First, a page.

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Global climate change overview


What do the experts say? 

According to the Intergovernmental Panel on Climate Change (IPCC), an organization made up of hundreds of the world’s top scientists and policy experts, there is no doubt that that the earth is warming. In their most recent report, the IPCC states, “Warming of the climate system is unequivocal, as is now evident from observations of increases in global average air and ocean temperatures, widespread melting of snow and ice, and rising global average sea level” (IPCC, 2007, Summary for Policymakers, Working Group I)


What is climate change?

Climate change, as defined by the IPCC, is "any change in climate over time, whether due to natural variability or as the result of human activity."


There is no doubt that Earth’s climate fluctuates naturally over time, as can be seen clearly in the geological record. Solar activity, the earth’s orbit, ocean circulation, volcanic activity, and changes to the chemical composition of the atmosphere all influence Earth’s climate. While past climate change undoubtedly occurred without human influence, there is little doubt among the world’s top scientists that human activity is the main cause of the global warming evident in recent decades.


A summary of some of the IPCC’s most recent findings:

·         Climate Change: Observations and Predictions

·         Key Impacts on the Environment


The Greenhouse Effect.

The Greenhouse Effect is a natural process that warms the Earth, and, in fact, is quite necessary for our survival. Gases in the atmosphere, like water vapor (clouds), carbon dioxide (CO2), methane (CH4), and nitrous oxide (N2O) act as a natural blanket by preventing the sun’s heat energy from radiating back into space, much like a greenhouse in the photo below traps the sun’s energy to help plants grow even in the middle of winter. In fact, the natural greenhouse effect helps warm the Earth’s surface by as much as 33oC, and without it, our planet would be too cold for humans to survive.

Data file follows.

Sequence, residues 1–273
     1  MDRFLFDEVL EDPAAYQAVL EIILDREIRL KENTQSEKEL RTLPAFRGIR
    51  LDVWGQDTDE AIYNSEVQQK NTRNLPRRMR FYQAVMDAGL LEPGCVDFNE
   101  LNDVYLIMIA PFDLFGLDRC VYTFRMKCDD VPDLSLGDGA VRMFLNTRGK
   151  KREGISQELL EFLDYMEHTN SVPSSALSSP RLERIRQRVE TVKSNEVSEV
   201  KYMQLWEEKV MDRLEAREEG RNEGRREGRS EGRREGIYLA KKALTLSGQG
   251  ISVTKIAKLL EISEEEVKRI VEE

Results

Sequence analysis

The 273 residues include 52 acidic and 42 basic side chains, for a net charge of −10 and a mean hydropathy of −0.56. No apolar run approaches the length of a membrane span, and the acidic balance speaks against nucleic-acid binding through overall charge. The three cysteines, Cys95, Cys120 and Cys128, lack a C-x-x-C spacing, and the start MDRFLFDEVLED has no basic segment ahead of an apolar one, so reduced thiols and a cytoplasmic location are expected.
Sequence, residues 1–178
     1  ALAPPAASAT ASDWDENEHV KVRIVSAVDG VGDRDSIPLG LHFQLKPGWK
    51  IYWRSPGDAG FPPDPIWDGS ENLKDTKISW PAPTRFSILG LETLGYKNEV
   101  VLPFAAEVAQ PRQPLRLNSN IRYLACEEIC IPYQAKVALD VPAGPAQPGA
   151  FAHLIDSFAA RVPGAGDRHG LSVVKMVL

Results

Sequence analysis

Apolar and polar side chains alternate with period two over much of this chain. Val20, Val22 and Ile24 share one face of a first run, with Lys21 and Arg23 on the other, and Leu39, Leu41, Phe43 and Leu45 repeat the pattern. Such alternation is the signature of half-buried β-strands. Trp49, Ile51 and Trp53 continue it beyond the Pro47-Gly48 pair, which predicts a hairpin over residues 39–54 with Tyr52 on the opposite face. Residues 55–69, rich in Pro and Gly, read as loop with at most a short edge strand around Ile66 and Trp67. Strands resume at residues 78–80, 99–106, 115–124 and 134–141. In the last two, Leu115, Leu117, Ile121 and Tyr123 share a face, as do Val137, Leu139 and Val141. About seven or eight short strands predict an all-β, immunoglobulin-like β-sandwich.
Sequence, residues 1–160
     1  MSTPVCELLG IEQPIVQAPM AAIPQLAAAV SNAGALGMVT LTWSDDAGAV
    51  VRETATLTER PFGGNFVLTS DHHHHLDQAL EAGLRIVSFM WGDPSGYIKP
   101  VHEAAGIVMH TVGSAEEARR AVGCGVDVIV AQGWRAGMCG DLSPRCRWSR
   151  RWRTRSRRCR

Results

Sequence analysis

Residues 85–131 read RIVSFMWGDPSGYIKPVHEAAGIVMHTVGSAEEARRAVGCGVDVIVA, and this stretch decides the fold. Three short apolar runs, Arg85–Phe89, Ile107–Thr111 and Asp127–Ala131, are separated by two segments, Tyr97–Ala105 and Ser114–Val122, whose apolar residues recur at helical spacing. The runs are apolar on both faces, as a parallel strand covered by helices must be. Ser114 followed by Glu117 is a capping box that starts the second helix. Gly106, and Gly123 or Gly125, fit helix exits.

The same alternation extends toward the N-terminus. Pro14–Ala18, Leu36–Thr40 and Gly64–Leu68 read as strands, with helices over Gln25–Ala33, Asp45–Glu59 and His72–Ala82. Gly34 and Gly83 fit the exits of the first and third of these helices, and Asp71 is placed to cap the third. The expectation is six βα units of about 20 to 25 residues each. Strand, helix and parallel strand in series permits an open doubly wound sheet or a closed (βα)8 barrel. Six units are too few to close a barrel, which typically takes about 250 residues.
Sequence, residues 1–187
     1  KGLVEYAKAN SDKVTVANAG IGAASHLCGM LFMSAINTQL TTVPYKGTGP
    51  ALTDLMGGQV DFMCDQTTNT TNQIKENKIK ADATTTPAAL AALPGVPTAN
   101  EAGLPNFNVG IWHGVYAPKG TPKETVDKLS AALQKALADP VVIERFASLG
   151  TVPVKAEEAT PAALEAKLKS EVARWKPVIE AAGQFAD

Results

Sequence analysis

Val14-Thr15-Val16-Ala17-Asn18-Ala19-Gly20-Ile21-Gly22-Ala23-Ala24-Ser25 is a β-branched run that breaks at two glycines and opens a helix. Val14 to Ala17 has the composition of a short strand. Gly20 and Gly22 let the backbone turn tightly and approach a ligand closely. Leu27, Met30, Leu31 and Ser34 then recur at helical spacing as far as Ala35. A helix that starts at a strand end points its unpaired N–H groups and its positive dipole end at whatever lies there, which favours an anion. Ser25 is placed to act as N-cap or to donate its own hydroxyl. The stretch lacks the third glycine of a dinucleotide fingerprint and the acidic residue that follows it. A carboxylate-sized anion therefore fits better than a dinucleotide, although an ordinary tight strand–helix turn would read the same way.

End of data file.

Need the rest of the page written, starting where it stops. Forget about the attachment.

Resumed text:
The Intergovernmental Panel on Climate Change (IPCC) is currently finalizing its Fourth Assessment Report "Climate Change 2007,"* widely recognized among scientists, policymakers, and government officials as the most complete and comprehensive scientific assessment of climate change to date. Hundreds of scientific experts from all over the world contribute to the IPCC’s reports as authors, contributors, and reviewers. To read each of the IPCC’s Working Groups’ reports, click on the links below.


The Synthesis Report

Working Group I Report “The Physical Science Basis”

Working Group II Report “Impacts, Adaptation and Vulnerability”

Working Group III Report “Mitigation of Climate Change”



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